A few words may be added concerning the author of the Persian text, Muhammad ibn Farid-ud-din Attār, one of the most distinguished poets and philosophers, Sufis and spiritualists, who adorn the pages of Persian literature. He was born in 513 A. H. (1119-20 A. D.) at Kakan, a village near Nishapur, and is said to have lived to the extraordinary age of 114 years.

His father was a respectable druggist (Attār) and in his youth Farid-ud-din followed the same profession. According to Dawlatshah, the famous biographer, Farid-ud-din was sitting one day at his door with a friend when a dervish, or religious mendicant, ap­proached the shop. Looking closely into the well-furnished shop and inhaling the sweet scent of the odoriferous drugs and perfumes with which it was loaded, the mendicant heaved a deep sigh and began to shed tears. He was obviously moved by the thought of the transitory state of all earthly prosperity and the instability of human life. Attār, however, mistook the cause of the man’s agitation and thought he was simply trying to excite pity to get alms. He therefore asked the dervish to move on. “Yes,” said he, “there is nothing to prevent me from leaving your door or indeed from bidding adieu to this world at once. My sole possession in this world is this worn-out garment and I can give it up at any moment, but oh! Attār, I grieve for thee. How, indeed, canst thou ever bring thyself to think of death, casting all these worldly goods behind thee?”

To this story of Dawlatshah the author of Haft Iqlim adds an extraordinary denouement. According to this authority, Attār told the dervish that he hoped and prayed that he also would die in poverty and contentment as a dervish. “We shall see,” said the mendicant, and he placed the wooden bowl that he held in his hand on the ground, laid his head upon it, chanted the name of God and forthwith gave up his life to his Creator.

According to both accounts the result was the same. Attār was deeply moved by the words of the mendicant, gave up his business, renounced all worldly concerns, became a disciple of the famous Shaykh Rukn-ud-din and applied himself assiduously to the study of Sufi philosophy. Within a short time he showed such proficiency in the knowledge of mysticism and such keenness in the observance of its doctrines that he came to be regarded as “the scourge of all idle adepts in Sufism”, whilst “his burning zeal in the service of God became a bright lamp for the guidance of the divers for the pearls of truth in the sea of mystic knowledge”. He then travelled ex­tensively in the East, visiting Damascus, Egypt, India, and Turkestan, made a pilgrimage to the holy places in Arabia, and acquired the reputation of possessing more knowledge of the Sufi philosophy and of its professors than any contemporary author. Renowned as he was as a poet, he acquired still greater fame by his philosophical and Sufistic writings.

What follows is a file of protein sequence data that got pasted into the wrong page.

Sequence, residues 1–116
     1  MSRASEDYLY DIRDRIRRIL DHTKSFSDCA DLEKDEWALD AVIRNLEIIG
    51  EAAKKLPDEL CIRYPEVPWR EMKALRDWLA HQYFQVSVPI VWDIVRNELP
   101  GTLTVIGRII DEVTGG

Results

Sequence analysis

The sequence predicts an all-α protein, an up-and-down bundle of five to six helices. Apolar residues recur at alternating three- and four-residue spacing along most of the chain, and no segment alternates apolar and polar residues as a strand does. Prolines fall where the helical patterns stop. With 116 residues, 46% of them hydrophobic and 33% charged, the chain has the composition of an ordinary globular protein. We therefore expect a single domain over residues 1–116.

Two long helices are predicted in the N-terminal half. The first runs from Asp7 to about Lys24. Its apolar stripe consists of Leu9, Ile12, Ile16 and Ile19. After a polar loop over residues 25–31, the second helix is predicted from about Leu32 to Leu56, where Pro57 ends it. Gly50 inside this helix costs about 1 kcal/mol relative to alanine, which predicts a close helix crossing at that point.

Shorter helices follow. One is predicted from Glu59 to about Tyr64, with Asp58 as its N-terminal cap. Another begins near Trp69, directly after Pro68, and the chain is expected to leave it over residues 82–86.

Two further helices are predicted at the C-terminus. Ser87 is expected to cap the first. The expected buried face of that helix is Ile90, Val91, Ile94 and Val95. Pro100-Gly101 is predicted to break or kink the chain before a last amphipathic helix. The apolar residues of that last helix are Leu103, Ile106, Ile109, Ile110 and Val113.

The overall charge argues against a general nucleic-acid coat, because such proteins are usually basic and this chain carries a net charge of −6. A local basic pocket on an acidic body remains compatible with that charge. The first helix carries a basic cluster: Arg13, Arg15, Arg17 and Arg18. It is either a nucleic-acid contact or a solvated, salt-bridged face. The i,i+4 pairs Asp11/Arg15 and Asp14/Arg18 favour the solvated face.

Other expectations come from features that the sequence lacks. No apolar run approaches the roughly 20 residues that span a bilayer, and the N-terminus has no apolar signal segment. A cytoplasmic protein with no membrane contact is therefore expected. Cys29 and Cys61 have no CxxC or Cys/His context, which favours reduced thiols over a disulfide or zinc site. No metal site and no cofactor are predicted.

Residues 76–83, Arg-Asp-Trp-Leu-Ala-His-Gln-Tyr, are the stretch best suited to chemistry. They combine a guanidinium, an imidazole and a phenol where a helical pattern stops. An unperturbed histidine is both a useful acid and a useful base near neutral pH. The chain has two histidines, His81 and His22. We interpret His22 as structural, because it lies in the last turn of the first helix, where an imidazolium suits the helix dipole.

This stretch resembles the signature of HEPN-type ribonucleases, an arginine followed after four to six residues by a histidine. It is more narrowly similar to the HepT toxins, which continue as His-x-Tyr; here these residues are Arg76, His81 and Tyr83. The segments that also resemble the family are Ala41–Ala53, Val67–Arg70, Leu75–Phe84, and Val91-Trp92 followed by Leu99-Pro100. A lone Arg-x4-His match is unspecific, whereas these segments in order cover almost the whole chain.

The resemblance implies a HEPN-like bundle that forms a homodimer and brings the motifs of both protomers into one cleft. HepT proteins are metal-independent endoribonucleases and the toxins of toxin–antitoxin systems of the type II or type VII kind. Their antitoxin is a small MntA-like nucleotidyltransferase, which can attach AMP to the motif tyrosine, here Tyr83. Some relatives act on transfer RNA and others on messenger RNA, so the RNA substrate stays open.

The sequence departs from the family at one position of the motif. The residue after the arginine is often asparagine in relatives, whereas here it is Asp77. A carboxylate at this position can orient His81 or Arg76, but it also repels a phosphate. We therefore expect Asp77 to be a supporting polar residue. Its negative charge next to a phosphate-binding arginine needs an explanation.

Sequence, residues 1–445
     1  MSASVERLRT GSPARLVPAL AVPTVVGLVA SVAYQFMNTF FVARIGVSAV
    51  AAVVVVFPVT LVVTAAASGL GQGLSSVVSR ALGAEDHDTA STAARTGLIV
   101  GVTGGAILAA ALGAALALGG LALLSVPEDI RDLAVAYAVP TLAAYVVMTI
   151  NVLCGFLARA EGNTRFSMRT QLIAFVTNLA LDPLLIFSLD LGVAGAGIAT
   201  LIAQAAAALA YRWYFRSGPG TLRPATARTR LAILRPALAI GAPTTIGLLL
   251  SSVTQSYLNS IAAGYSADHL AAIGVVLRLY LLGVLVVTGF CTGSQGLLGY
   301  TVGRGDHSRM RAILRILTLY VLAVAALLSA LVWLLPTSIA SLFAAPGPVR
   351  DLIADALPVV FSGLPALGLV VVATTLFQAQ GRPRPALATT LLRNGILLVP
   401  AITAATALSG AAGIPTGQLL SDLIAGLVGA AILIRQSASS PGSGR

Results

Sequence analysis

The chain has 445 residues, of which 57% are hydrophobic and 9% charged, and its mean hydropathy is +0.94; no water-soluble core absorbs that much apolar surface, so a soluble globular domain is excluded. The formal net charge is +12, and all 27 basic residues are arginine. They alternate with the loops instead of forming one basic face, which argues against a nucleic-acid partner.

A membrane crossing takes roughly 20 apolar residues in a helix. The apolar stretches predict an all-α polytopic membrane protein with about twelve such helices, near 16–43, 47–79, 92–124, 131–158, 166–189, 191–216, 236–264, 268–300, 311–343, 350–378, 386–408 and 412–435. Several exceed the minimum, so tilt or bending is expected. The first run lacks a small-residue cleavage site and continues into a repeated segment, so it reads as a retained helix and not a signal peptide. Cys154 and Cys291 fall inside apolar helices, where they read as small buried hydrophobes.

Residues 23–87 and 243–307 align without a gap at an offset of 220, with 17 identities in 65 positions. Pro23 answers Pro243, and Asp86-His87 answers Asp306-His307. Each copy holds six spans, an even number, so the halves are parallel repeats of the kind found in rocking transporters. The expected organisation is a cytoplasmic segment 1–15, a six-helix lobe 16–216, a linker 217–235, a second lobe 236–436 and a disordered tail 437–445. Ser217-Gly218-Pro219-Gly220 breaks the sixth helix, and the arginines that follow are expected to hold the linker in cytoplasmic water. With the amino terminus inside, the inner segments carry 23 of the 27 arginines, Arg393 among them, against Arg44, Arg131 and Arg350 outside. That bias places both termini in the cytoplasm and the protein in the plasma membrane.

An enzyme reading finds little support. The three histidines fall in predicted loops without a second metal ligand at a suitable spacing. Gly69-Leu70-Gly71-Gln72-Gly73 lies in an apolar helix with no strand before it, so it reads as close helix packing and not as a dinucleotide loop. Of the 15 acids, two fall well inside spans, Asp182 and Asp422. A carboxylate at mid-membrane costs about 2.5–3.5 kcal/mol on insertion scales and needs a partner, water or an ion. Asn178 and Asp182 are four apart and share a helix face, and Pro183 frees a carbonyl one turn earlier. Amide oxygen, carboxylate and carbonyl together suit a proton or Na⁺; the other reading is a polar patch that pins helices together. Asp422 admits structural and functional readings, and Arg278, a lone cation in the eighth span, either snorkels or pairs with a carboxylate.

Attār was the most voluminous writer of his age. In the sphere of Sufi poetry he was the successor of the first mystic poet Sanāi and the predecessor of the most distinguished of Sufi poets, Jalal-ud-din Rumi. He composed about 120,000 couplets of poetry, in addition to several prose works. Of these the best known are the Mantiq-ut-Tayr (The Conference of the Birds), Pand Namah (The Book of Counsel), Ilahi Namah (The Book of God), Asrar Namah (The Book of Secrets), Diwan-i-Attār (A collection of Odes), Tazkirat-ul-Awliya (The Memoirs of the Saints) and Lisan-ul-Ghaib (The Hidden Voice).

A Sufi being asked to whom he ascribed greater proficiency in mystic learning, Jalal-ud-din Rumi or Farid-ud-din Attār, replied: “The former, like an eagle, flew up to the height of perfection in the twinkling of an eye; the latter reached the same summit, but it was by crawling slowly and perse­veringly like an ant.”

The death of this saint was as glorious as was his earthly career. When Attār was 114 years of age, Chengizkhan invaded Persia. Attār fell into the hands of one of the Moghul soldiers, who was about to put him to death, when another Moghul, out of consideration for his age and matchless piety and his resignation in the face of death, offered to purchase his life for a thousand dirhams. The bargain would have been sealed had not Attār, anxious to see the bird of his soul released from its carnal cage, exclaimed; “Do not accept this paltry sum. You may depend upon getting a better offer.” After some time, another Moghul approached, and seeing that the old man would not be of much service offered a bag of fodder as his price. “This is my full value”, said Attār, “now you may sell me”. This enraged the soldier so much that he murdered the sage on the spot. Thus Attār had the supreme gratification of dying a martyr.

When the chief Qazi of Nishapur lost his son, his friends suggested that the resting place of the deceased should be at the foot of Attār’s sepulchre so that “the propinquity of the remains of so holy a man might ensure for him a seat in paradise.” The Qazi, however, spurned the suggestion to place his son’s remains at the feet of a mere reciter of tales and verses. He, therefore, selected another site for the burial. On the following night he saw in a dream Attār’s tomb glowing with celestial lights and encircled by the souls of the sanctified. The dead son of the Qazi then appeared on the scene and reproached his father for not allowing him to be interred in the vicinity of so sanctified a sepulchre, and besought him to transfer his coffin to the sacred spot. The Qazi woke up, distressed and penitent, and placed his son’s corpse close to the feet of Attār. He also erected a handsome monument over the Shaykh’s grave.

The praise of such a mystic was on every tongue. “Attār”, says Jalal-ud-din, “was the soul itself, and Sanā’i its two eyes. I came after both Sanā’i and Attār.”